Judaism and baseball

Larry Levin

By Larry Levin Publisher/CEO

I’m so glad I get to throw out the first pitch for our special Newmark Pages on Judaism and Baseball.

Baseball has transcended fandom in my life; call it a borderline addiction.  I recently traveled with my older son Aaron to Kansas City, visiting the Negro Leagues Baseball  Museum (small but highly recommended) and beautifully renovated Kauffman Stadium for a Royals game. The trip was bookended by stops in Columbia, where Aaron will soon begin his doctoral study in statistics.

Since his early childhood Aaron’s been fascinated by numbers and baseball. His chosen profession makes perfect sense given his lifelong passions. So did his three years of internship with the St. Louis Cardinals’ Senior Analyst Sig Mejdal (a former NASA scientist) and Dan Kantrovitz (John Burroughs and Brown University baseball star, Cardinal scout and now with the Oakland Athletics front office).

We’ve gone to 19 stadiums together, so it’s only fitting that this trip serve as a prologue to his next chapter in life.

L’dor v’dor, right?  My wonderful dad, despite limited athletic interest and prowess, took the time to play catch after work. My sister Happy passed on her passion to me as she wrote about sports for the high school paper.  My grandfather shaped my love of the game at Comiskey Park, which made me a stranger in a strange land, as I grew up a Northside White Sox fan in Cub Country.  It all got passed along to me, just as I’ve passed it to Aaron.

But this adventure also got me thinking about how baseball serves as such an amazing connector not only across time, but through space and across cultural lines as well.

As my peculiar geographic Sox allegiance shows, baseball’s also a place connector. We root for our teams based in part on where we are or where we’ve been, and we share our oscillating emotions with our neighbors.  I’ve been with the tribe that is Cardinal Nation since shortly after arriving here in 1978, which might not have been possible had my heart been fully with the Cubby Bears.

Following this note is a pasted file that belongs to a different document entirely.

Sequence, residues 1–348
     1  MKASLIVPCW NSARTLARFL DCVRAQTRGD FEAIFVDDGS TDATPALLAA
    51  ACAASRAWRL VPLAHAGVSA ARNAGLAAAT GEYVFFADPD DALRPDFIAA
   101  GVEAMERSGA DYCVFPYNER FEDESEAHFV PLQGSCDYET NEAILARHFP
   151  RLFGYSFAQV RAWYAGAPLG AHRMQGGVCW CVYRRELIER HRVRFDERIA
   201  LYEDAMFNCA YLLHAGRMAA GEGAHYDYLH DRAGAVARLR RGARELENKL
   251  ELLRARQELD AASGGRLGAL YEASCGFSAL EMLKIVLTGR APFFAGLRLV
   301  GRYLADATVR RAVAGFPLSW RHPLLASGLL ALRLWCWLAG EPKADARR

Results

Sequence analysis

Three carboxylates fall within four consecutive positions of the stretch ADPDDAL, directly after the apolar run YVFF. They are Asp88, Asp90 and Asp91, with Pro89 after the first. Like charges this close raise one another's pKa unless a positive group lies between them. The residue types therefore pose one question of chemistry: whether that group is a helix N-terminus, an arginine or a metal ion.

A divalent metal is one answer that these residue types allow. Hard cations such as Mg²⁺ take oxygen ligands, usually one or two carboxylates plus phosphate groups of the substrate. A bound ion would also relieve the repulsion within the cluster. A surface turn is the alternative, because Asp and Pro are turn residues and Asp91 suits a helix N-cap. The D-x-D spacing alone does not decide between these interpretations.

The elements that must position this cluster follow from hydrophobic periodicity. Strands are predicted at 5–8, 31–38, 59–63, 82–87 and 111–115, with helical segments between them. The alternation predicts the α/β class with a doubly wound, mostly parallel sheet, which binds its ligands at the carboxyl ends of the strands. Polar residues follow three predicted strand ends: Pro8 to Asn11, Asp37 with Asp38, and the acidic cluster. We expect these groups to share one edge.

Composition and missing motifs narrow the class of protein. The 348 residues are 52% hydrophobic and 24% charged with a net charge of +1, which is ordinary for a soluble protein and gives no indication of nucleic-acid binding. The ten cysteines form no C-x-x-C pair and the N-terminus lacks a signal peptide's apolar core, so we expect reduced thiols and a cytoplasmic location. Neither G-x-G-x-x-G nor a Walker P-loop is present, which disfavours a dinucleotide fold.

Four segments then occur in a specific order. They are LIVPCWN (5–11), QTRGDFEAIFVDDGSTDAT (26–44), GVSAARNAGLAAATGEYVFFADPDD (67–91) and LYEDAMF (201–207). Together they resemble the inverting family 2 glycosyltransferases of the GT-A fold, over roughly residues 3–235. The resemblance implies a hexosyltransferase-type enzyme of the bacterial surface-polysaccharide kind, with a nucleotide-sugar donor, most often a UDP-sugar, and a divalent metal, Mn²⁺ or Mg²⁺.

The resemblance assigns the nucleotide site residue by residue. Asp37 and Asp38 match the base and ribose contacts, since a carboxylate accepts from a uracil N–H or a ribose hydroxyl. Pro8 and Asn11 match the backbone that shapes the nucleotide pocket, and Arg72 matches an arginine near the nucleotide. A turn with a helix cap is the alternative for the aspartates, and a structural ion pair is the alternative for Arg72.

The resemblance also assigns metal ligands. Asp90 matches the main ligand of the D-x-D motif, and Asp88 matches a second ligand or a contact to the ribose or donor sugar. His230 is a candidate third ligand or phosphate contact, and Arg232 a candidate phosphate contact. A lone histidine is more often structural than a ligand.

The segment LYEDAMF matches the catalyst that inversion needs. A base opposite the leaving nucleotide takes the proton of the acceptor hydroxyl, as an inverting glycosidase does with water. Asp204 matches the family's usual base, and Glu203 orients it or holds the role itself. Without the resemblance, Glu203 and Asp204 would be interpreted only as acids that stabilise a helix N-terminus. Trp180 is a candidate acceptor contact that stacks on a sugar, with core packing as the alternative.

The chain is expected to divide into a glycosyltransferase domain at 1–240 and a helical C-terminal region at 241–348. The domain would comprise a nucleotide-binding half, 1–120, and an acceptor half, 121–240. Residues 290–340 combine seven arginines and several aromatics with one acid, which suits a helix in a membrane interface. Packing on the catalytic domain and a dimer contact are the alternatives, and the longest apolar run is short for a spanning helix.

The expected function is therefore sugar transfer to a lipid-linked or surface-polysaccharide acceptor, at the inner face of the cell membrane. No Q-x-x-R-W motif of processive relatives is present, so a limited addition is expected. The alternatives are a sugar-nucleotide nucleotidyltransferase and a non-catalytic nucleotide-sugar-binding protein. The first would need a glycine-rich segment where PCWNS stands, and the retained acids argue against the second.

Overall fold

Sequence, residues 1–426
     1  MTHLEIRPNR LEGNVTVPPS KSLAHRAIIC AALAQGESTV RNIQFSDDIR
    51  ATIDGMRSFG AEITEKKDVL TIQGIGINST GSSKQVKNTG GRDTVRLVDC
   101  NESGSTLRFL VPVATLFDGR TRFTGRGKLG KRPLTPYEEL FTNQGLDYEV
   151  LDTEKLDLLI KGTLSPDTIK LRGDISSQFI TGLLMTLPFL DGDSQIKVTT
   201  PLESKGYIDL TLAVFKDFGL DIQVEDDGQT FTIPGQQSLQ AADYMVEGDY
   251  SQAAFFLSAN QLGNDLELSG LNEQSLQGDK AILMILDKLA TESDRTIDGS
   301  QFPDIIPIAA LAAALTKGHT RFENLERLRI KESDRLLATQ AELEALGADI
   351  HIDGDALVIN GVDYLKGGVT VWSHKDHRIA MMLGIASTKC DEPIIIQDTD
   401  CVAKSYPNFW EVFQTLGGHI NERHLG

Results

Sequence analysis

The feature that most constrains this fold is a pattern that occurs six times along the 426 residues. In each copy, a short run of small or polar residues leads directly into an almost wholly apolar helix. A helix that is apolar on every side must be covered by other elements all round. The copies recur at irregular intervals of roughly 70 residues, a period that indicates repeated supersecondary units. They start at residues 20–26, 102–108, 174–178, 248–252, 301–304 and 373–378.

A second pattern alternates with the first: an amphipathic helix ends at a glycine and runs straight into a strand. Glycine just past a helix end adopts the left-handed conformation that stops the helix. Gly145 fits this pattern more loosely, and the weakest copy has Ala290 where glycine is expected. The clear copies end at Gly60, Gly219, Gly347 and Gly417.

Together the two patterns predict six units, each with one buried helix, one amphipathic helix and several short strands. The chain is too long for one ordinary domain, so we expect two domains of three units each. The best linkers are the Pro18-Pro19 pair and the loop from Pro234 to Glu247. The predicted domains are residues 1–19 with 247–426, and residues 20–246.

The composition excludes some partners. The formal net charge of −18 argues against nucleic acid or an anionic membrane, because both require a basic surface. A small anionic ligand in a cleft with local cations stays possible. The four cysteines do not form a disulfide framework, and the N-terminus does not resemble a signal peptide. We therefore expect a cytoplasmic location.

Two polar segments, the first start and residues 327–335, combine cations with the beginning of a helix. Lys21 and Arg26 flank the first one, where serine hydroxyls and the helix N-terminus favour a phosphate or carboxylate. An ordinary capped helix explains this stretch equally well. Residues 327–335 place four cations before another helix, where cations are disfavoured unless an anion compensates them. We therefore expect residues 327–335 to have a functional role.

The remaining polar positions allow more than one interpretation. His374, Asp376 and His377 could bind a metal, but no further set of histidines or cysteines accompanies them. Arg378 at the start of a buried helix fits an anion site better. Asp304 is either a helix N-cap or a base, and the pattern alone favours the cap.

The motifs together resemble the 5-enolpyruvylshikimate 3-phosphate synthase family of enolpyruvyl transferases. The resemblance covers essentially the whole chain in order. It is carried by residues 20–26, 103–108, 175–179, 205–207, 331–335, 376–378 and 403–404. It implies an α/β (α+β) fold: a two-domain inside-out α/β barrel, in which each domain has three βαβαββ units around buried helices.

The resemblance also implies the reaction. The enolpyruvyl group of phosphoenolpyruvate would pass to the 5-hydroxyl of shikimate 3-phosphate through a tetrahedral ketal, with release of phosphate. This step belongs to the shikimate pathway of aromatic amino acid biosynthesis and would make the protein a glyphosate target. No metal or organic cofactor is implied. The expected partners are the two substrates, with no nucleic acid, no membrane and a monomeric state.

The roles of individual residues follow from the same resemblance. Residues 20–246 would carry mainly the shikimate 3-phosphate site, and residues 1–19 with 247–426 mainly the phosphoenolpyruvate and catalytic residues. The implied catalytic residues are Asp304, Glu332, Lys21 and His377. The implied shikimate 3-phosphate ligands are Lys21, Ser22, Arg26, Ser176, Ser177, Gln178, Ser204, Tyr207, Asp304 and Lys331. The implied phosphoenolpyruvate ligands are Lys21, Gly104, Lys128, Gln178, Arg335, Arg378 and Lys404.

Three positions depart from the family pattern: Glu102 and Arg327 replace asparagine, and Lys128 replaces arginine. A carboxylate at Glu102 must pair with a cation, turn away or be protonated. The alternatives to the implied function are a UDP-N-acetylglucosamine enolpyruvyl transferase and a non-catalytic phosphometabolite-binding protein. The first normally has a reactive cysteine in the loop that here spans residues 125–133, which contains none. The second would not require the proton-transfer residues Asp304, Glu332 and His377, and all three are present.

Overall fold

The sport today is also a world connector.  The integration of the sport in the ’50s has been followed by players from Latin America and the Pacific Rim claiming a healthy number of roster spots. The World Baseball Classic, scheduled for its third opus in a couple years (Aaron and I attended its last iteration in 2009 when Japan secured its second straight title), shows that while baseball may be America’s Pastime, it’s now safely ensconced in the World’s Playground. In fact, Israel may have a place at the WBC tournament in 2013.

And then there’s the Jewish connection. Nothing new under the sun (or lights) here.   We’ve had a love affair with the sport since we arrived at Ellis Island.  From Brooklyn’s stickball streets and Ebbets Field to today’s manicured Little League diamonds and megastadiums, we’ve had as much passion for baseball as any group in the U.S. It’s part of our cultural anthropology as American Jews.

So today we present a few different perspectives on the game.  We rejoice collectively when three young men with Jewish backgrounds show up at the same time in Springfield, Missouri on the Cardinals farm team (see Lew Prince’s story on Messrs. Cutler, Kopp and Schneider). We revel in the big waves bigtime Jewish ballplayers have made in Major League Baseball history, described in the many fine books and films Bob Cohn features in his annotated bibliography and videography of Jews in baseball.

And of course, we get to commune as fans, who live our baseball obsessions not only in person, on radio and TV, and online, but among our friends, at our holiday tables. Patricia Corrigan provides a loving look at Jewish baseball fanatics in St. Louis, including one (Ben Senturia), who competes with Aaron and me in fantasy baseball (he’s ahead of both of us this year, by the way).

So help us rejoice in our love of baseball as parents, children, St. Louisans, fans and, in today’s section, as Jews.  Let us pass along the things that are precious to us to the ones we love, now and forever. Enjoy and play ball!

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